The Shakespeare Conference: SHK 20.0428 Monday, 3 August 2009
Date: Sunday, 02 Aug 2009 17:00:55 -0400
Subject: 20.0422 Ramblings on the Instability of Meaning and
Comment: Re: SHK 20.0422 Ramblings on the Instability of Meaning and
on the Nature of Thought
An old friend used to tell me, "Just be." Easier said than done, as
Hamlet so aptly demonstrates through his infamous speech, which would
make a great beer commercial. Now I do believe that Roland Barthes would
have had a great time with our 21st Century beer commercials relative to
Hamlet, the instability of meaning, the nature of thought, and the fatal
flaw (perhaps there is more than one fatal flaw, just as many virtues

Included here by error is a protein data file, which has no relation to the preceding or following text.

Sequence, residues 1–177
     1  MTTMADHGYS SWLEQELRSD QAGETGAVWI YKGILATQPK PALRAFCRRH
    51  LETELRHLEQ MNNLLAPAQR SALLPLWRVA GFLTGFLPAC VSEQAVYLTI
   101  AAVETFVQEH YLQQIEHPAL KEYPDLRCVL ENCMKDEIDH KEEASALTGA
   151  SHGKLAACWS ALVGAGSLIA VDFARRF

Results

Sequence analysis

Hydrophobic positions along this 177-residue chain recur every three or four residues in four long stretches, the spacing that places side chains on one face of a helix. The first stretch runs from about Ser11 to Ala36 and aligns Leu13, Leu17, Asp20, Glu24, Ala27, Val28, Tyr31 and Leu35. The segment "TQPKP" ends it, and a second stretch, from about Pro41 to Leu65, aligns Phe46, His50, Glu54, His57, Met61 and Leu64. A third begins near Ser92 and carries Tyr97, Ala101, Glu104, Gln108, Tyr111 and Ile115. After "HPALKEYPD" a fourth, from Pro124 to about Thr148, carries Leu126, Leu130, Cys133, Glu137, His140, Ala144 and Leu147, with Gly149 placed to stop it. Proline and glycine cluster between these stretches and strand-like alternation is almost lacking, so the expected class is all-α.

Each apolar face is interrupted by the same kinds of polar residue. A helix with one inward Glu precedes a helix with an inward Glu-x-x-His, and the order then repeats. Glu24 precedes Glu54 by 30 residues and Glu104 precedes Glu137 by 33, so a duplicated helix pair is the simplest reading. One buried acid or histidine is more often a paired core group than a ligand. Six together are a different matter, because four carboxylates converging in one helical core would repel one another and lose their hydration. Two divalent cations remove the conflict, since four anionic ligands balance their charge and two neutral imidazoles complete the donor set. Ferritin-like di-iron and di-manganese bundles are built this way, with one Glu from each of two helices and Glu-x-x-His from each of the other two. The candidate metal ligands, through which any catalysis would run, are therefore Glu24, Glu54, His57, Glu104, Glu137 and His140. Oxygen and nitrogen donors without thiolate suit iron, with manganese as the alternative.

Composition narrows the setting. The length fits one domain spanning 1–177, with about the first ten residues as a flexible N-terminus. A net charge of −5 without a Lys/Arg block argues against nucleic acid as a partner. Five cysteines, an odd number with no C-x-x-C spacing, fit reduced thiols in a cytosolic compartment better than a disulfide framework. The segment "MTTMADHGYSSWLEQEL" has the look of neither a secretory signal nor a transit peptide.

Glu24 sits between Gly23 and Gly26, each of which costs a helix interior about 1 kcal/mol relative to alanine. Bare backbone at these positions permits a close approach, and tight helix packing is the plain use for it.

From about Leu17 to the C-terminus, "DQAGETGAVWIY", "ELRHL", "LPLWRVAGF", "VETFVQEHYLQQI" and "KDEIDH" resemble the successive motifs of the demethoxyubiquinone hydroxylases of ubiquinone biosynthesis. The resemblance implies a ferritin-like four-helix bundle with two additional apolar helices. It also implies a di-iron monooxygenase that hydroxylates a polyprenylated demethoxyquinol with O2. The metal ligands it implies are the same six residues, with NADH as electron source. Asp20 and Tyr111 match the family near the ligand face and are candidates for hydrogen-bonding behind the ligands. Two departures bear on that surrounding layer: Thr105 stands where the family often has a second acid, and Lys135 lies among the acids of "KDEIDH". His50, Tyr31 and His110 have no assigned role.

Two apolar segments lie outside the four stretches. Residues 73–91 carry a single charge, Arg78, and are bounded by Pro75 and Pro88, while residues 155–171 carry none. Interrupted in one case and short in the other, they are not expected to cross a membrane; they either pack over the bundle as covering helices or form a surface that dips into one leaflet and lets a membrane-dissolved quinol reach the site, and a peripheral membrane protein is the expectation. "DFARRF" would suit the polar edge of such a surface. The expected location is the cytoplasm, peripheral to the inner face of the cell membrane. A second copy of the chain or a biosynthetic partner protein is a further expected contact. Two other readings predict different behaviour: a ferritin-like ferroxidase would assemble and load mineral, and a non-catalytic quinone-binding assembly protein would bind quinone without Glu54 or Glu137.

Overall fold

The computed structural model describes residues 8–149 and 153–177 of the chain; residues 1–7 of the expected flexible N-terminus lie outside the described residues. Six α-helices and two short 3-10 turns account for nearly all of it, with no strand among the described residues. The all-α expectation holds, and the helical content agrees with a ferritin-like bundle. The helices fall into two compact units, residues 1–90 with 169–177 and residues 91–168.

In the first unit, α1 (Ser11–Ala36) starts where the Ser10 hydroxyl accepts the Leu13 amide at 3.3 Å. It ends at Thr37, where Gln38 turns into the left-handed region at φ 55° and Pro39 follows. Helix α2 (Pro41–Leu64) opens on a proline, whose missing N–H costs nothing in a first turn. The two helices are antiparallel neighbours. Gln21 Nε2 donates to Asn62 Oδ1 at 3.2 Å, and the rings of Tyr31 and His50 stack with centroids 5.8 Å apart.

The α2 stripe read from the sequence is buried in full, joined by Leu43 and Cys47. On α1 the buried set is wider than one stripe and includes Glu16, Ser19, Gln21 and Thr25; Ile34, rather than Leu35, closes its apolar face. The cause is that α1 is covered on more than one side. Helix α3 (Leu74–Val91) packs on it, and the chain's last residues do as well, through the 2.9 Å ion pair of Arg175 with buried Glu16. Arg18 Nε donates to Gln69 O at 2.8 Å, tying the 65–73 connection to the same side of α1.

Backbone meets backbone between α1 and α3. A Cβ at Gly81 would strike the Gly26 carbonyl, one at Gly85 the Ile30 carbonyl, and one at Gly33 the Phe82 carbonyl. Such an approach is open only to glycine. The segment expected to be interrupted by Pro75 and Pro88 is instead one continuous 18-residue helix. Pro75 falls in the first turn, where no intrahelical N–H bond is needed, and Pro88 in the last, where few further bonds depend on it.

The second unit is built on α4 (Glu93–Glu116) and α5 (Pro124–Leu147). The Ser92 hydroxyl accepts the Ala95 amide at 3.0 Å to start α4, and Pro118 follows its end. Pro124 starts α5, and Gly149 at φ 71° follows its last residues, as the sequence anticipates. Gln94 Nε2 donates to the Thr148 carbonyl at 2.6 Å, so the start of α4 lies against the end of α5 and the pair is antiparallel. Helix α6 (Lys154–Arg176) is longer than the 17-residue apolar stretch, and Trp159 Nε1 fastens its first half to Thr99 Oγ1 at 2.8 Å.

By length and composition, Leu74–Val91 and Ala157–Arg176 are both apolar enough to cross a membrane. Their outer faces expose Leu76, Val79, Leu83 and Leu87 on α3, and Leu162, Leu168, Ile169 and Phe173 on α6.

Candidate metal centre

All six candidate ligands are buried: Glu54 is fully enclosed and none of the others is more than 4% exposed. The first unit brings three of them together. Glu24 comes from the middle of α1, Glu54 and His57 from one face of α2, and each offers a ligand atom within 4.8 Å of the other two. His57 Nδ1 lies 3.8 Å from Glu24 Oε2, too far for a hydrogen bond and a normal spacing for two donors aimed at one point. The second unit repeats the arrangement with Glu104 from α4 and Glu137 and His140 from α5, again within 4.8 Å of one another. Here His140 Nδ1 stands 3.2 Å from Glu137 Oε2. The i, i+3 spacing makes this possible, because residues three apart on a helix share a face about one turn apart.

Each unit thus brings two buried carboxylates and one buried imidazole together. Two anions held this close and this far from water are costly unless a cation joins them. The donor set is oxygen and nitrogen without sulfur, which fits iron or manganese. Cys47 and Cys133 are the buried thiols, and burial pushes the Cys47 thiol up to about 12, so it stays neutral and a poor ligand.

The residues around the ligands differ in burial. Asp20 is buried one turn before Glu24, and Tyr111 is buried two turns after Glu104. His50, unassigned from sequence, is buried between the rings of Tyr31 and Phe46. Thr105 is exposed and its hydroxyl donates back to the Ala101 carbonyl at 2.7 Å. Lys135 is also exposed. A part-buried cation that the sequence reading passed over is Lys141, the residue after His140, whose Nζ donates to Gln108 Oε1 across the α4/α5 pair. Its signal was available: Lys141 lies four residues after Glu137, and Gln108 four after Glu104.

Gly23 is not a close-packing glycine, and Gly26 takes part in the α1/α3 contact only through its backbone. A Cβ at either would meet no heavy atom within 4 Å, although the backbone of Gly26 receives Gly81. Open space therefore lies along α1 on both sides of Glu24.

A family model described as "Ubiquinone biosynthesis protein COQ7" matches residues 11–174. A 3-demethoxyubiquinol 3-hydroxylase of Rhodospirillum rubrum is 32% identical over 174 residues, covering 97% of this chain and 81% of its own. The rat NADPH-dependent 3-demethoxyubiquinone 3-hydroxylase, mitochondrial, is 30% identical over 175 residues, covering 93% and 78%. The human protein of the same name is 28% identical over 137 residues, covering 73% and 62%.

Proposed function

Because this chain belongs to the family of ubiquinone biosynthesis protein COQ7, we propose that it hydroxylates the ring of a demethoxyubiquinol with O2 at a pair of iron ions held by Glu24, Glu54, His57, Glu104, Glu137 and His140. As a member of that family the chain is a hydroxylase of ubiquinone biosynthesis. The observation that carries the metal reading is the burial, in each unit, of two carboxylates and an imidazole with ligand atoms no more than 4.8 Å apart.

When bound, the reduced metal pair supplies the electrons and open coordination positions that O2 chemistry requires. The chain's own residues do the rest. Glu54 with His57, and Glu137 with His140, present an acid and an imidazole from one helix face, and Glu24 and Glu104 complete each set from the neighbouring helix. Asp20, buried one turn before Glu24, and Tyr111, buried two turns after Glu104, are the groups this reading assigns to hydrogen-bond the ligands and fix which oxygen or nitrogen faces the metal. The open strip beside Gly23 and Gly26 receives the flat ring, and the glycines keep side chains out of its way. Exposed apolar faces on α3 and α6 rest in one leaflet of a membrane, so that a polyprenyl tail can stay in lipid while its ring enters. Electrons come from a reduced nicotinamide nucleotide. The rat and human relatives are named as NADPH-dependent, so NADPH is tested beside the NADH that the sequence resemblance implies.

coexist in the same form). Also comes to mind, Camus writing about
wrestling. So -- Hamlet wrestles with himself more so than with any
other character except the ghost of his father. It is the ghost who sets
him on the merry path. What then do we make of Just be in the character
and plot of Hamlet's imaginary life?
To be or not to be?
Is Hamlet's tragic flaw a matter of imagination ruling reality? This
state always results in indecision, and indecision leads to failure --
always. This fatal flaw question, of course, belongs in the other thread
and yet is most apropos in this one, in which Hardy discovers the
meanderings of being misread -- was the ghost misread by Hamlet? Was the
ghost in fact instructing Hamlet to Just Be? And was the tragic flaw a
matter of misreading, of imagination become more real than life?
So, once again, we find all threads deliciously connected.
Another old friend often said: Don't let the bastards get you down.
He, of course, said it in Latin.
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